It made me laugh too. I told my brother about it after his removal had gone super well, and even he laughed.

great take, thanks for sharing!

I'm staring at your icon thinking "oooh, bubbles".

Thanks for the kind words!

Glad it worked out good for everyone!

Yes, after that one hell of a year we are all healthy and happy and the twins are about to start school this fall.

Thank you!

I had no idea radioactive iodine was being done on "hoomans" as I've only known it being done to cats with hyperthyroidism... Glad things are tinkering quite well for you in that aspect...

I loved how this played, between sad and happy, and the humor side of it all. I hope your brother doesn't let the tumor grow too large where it would be difficult to remove, as December is an awful long ways away!!!! Cancer is not something to mess with, as you already know, and have been taking care of yourself well.

Hope all continues to go well and your brother is alright.

Weirdly, this isn't the first time I've heard that cats go through the exact same procedure I did, I think it's kind of nifty.

My brother's cancer has already been removed, and other than twice annual visits to the dermatologist he's been holding fine as well.

Thanks for the kind words.

It was exactly the right thing to say.

(Very sad about your troubles.)

Yeah, my now-husband is pretty awesome at coming up with the perfect words. I'm glad I get to keep him.

Thank you, things are normal these days (for the new value of normal you acquire after all the crazy).

oh god. j's reaction is not funny, except that it kind of is. i probably would've laughed too. (and i'm glad you and your brother are both fine!)

It was the perfect way to break the tension and get me unstuck, which is what I needed.

Thanks for the good wishes and kind words!

(Also, love your SPN icon!)

(Deleted comment)
Yeah. Everything worked out but we are not allowed to make any jokes about it around my dad, who took the whole several months pretty hard. I don't blame him at all but both my brother and I use humor as a defense so we had to be a bit careful.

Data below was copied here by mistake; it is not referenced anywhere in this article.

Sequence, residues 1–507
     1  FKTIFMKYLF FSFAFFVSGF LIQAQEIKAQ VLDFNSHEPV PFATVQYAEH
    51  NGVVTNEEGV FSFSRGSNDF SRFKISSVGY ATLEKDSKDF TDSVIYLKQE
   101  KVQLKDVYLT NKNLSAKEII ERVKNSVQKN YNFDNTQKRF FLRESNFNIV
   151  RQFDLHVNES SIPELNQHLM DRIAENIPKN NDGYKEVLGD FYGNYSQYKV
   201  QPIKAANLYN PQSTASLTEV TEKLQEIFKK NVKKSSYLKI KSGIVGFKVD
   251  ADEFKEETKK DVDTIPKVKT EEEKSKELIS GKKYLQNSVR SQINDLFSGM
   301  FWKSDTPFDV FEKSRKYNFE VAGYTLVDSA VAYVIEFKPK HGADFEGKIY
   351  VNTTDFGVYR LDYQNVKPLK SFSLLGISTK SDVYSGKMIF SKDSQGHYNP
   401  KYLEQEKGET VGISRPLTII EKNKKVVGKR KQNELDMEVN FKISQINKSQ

sometimes you have to laugh at it. thank you for sharing this.

Indeed, sometimes laughing is all you can do.

Thanks for commenting!

I love J's comment - I'm all for using humor to deflect any situation. Good on him. (I'm so glad everyone is doing well!)

BTW, THANK YOU for the package. It arrived awhile ago and I've been meaning to thank you. I really appreciate it!

I'm still impressed with his ability to come up with that line so off the cuff, it was exactly what I needed to hear to get unstuck in that moment. My family keeps saying that we had our bad year, and now we're done.

I'm glad it got to you and that it'll be put to use. It seemed silly to leave it sitting in my closet when I knew people who would make beautiful things instead. You're welcome.

I've known quite a few people with "good" cancers, but it never, ever feels like a good thing. This was well-written, I enjoyed the play of emotions.

I remember my doctor saying "if you have to get cancer, this is the kind you want to get" and screaming in my mind - what if I didn't want to get cancer? It's still better than the alternative, though.

Thanks for the kind words.

Awww... what a scary year, and what a perfect response.

It was just a summer of thing after thing all piling up, in fact I left a few things out of the entry because they broke up the flow. I remain in awe of J's ability to say exactly the right thing in the right moment.

It's good to see that everyone is doing fine, and congrats on the marriage to such a wise man!

It was odd, everything happened in one year and everything's been fine since then (knocks on wood).

Yes, I am super happy to have snagged J for my very own, his ability to say the right thing is just one of his awesome qualities.